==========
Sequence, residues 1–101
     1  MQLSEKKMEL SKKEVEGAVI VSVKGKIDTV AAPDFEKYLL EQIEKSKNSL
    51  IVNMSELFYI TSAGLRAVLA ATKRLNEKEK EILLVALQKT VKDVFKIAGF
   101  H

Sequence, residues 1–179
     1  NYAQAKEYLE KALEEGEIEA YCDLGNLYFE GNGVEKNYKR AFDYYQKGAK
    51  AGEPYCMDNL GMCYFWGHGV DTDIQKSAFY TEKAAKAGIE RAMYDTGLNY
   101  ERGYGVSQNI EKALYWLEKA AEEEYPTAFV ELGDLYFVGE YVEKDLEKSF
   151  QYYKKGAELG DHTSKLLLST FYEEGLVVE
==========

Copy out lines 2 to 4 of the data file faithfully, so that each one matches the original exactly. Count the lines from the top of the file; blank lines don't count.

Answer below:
     1  MQLSEKKMEL SKKEVEGAVI VSVKGKIDTV AAPDFEKYLL EQIEKSKNSL
    51  IVNMSELFYI TSAGLRAVLA ATKRLNEKEK EILLVALQKT VKDVFKIAGF
   101  H